8 minutes. That is the very limited time that Air Force Captain Colter Stevens (Jake Gyllenhaal) is given to find out the identity of the bomber of a Chicago bound train. In order to achieve that purpose, he is 'inserted' into the mind of a teacher named Sean Fentress who was a passenger who died on the train. He can only stay for eight minutes at a time, but he can keep returning as often as he needs to find the bomber. This is achieved through a project known as the Source Code, a device developed by the military to analyze terrorist attacks.

While his mind travels to the past, his body is locked in a mysterious pod. He communicates with the other members of the Source Code project through video. During every mission, he is briefed by Colleen Goodwin (Vera Farmiga) a woman in military uniform. But most of the communication is practically one-way, as the leader of the project, a certain Dr. Rutledge (Jeffrey Wright), rarely answers his questions and insists on updates. To make things even more complicated, Capt. Stevens begins to fall for Christina Warren (Michelle Monaghan) a fellow passenger on that ill fated train.

"The Source Code" is a sci-fi thriller that was constantly moving, constantly generating questions which kept the movie quite interesting. One of the most enjoyable aspects of this movie is the variety of traits the main character shows in the movie who has a strong sense of justice, duty, honor, and love. Another positive quality of this movie, is how each visit in the source code continues to build up to the climax of the movie. The relentless search for new pieces of evidence is also intertwined with constant character development of the protagonist allowing you to get a better attachment to the character.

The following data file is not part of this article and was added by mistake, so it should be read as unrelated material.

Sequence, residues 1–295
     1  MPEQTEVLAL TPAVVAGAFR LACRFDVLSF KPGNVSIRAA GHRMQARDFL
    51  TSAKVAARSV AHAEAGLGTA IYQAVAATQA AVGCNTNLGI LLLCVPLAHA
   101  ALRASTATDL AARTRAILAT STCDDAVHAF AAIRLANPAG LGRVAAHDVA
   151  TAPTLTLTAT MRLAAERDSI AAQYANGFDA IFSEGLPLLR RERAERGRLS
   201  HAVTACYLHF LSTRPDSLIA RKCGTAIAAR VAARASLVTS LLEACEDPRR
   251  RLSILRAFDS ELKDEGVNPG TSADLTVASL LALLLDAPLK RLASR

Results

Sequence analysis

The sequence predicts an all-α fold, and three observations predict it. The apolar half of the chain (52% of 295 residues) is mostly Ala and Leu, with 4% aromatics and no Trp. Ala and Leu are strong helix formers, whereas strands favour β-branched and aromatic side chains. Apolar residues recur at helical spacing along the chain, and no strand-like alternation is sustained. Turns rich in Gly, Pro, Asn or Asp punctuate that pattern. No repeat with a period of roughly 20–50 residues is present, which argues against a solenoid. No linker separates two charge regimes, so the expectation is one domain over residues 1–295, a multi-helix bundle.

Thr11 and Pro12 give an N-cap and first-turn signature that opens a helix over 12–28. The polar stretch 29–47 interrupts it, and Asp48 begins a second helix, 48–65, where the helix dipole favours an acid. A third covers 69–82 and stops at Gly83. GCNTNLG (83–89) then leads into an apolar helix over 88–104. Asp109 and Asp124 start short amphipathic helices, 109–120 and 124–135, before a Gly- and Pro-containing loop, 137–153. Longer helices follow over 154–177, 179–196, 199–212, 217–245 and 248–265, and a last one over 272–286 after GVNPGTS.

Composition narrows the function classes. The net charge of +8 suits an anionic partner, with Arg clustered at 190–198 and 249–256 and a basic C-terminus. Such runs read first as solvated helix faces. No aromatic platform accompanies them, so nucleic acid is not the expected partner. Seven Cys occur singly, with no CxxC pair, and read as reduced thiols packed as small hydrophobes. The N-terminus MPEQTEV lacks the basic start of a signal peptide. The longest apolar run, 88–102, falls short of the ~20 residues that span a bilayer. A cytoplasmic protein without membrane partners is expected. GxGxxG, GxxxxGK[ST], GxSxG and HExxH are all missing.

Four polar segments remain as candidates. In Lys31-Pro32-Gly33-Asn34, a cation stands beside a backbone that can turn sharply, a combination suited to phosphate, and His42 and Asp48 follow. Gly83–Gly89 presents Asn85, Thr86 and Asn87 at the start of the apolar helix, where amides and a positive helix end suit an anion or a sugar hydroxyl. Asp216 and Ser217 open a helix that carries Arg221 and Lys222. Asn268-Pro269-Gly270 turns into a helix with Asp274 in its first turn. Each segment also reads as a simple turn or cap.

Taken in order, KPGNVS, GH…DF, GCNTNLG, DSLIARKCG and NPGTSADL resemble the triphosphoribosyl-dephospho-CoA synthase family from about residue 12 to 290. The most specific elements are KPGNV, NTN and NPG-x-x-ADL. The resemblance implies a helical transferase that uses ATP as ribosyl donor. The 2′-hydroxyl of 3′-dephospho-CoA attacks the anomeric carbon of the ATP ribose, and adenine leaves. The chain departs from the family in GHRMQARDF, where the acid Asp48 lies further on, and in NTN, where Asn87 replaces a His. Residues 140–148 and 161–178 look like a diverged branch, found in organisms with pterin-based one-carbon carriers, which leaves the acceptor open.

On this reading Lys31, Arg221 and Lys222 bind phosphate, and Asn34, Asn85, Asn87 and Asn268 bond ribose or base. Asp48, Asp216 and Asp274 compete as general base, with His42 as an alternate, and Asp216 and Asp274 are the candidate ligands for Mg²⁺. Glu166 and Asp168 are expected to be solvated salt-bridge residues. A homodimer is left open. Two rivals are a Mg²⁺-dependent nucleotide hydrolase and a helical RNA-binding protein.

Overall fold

The editing was seamless even though they had to keeping showing the last 8 minutes before the bomb explodes over and over again. The fast pacing of the movie didn't jar your senses as there were scenes of reflective moments intertwined within for adjustments. The different characters were well developed and you kept discovering new things about them as the story progressed.

The ending though was a bit puzzling and I still can't seem to wrap my head around it until now. But that's only because I refuse to embrace the concept that an alternate parallel universe can exist concurrently with reality. The sci-fi elements notwithstanding, the film did good by being an edge of your seat form of suspenseful entertainment that will capture your attention for 93 minutes.